The poetry of an artificial man : a study of the Latin and English verse of Robert Southwell
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The subject of the thesis is the verse of Robert Southwell, both in Latin and English. It may be divided broadly into three sections corresponding to three main areas of interest. First, there is a discussion of the character of Counter-Reformation, or to be more precise, of Jesuit Poetics, which is largely based on the 'De poesi…' of Antonio Possevino, a leading Jesuit scholar and educationalist. There follows an account of the Latin verse which Southwell wrote abroad before his return to England in 1586. The third and most substantial part of the thesis is an account of the English poetry which is given in four chapters. First, following a discussion of the textual situation, Southwell's shorter poems are discussed as a coherent and intelligible sequence. Next, there is an account of the distinctive character of Southwell's poetry as revealed in its recurrent themes and images. Here the continuity between the Latin and English verse is examined. Next there is an account of Southwell's masterpiece, 'Saint Peters Complaint', which is seen as the fulfilment of Southwell's poetic career, and as a microcosm of his poetic work, drawing together in a compact unity elements scattered and divided amongst the rest of his work. Finally, an attempt is made to identify Southwell's best poetry, and to give detailed readings of his best poems, with the intention that Southwell may be better represented in anthologies and literary histories. A brief conclusion suggests that artificiality, which in contrast with previous readings is seen as a central element of Southwell's poetry, is relevant to understanding his life also.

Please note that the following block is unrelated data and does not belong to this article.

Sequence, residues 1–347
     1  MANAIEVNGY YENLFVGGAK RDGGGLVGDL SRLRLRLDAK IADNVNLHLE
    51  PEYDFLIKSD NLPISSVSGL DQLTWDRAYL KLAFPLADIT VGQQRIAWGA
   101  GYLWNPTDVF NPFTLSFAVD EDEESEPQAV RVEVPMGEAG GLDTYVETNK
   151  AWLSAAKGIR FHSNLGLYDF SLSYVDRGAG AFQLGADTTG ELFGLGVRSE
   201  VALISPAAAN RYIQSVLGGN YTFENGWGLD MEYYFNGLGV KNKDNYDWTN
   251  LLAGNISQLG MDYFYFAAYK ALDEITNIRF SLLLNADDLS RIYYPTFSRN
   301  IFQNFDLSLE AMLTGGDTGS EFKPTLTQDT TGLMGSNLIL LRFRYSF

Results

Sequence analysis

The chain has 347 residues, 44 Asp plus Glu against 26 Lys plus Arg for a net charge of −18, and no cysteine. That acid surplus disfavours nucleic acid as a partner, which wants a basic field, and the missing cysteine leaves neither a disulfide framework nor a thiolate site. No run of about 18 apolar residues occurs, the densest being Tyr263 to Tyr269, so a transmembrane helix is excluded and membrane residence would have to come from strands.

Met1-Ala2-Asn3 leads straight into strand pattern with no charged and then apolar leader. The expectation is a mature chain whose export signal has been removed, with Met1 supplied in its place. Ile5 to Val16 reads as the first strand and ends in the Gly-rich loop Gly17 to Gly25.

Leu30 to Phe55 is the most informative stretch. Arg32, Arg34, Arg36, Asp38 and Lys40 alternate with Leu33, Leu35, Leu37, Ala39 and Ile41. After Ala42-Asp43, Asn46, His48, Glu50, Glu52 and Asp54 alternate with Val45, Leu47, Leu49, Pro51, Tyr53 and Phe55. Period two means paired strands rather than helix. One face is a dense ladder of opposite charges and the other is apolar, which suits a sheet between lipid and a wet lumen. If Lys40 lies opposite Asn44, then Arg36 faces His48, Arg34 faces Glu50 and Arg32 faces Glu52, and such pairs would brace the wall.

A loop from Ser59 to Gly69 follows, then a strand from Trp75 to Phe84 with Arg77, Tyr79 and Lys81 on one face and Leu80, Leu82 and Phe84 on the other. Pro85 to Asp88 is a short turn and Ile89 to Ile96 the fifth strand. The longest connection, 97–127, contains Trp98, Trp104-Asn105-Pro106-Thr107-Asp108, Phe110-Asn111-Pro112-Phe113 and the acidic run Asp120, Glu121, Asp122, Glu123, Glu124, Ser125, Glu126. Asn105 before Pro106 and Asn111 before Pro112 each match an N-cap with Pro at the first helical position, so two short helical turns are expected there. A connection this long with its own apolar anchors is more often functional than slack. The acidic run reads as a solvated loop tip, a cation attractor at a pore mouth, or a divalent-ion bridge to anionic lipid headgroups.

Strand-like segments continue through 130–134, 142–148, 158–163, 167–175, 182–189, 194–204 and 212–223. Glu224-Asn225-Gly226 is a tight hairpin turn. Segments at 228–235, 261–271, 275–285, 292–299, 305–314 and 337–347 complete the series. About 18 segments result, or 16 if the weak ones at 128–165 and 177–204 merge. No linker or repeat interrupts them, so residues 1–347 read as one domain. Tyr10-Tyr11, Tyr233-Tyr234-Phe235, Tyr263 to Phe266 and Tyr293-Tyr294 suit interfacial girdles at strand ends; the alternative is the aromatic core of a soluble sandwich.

Thesis, PhD Doctor of Philosophy
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